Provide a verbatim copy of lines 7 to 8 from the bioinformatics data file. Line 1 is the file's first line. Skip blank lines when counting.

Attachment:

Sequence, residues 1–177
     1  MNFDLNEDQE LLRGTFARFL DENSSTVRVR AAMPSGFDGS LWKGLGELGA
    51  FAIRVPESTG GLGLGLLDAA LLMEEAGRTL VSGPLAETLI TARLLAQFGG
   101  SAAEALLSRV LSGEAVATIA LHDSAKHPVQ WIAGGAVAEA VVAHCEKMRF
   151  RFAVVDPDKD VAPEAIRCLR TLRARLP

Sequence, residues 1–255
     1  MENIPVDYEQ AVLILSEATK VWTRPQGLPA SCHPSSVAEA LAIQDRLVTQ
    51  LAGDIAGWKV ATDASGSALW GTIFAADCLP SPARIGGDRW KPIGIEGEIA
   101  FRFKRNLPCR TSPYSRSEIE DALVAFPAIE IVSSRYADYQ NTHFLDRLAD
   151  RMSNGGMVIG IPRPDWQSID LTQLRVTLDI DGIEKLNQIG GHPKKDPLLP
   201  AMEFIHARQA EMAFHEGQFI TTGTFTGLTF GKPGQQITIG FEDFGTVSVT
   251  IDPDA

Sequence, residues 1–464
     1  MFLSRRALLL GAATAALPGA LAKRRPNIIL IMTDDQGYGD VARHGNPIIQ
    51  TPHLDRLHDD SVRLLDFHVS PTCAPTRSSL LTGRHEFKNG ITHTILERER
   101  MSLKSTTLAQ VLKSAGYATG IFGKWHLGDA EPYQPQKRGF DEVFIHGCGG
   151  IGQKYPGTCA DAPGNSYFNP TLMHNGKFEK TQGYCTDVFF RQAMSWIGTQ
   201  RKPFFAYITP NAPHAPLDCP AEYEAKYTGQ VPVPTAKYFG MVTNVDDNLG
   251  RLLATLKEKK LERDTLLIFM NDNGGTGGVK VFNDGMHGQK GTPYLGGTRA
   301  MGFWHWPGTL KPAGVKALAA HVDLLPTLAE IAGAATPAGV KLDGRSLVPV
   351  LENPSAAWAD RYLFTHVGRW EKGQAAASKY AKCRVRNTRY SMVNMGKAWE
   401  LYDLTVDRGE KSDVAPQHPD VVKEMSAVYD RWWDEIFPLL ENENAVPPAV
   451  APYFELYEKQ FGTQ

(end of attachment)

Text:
     1  MENIPVDYEQ AVLILSEATK VWTRPQGLPA SCHPSSVAEA LAIQDRLVTQ
    51  LAGDIAGWKV ATDASGSALW GTIFAADCLP SPARIGGDRW KPIGIEGEIA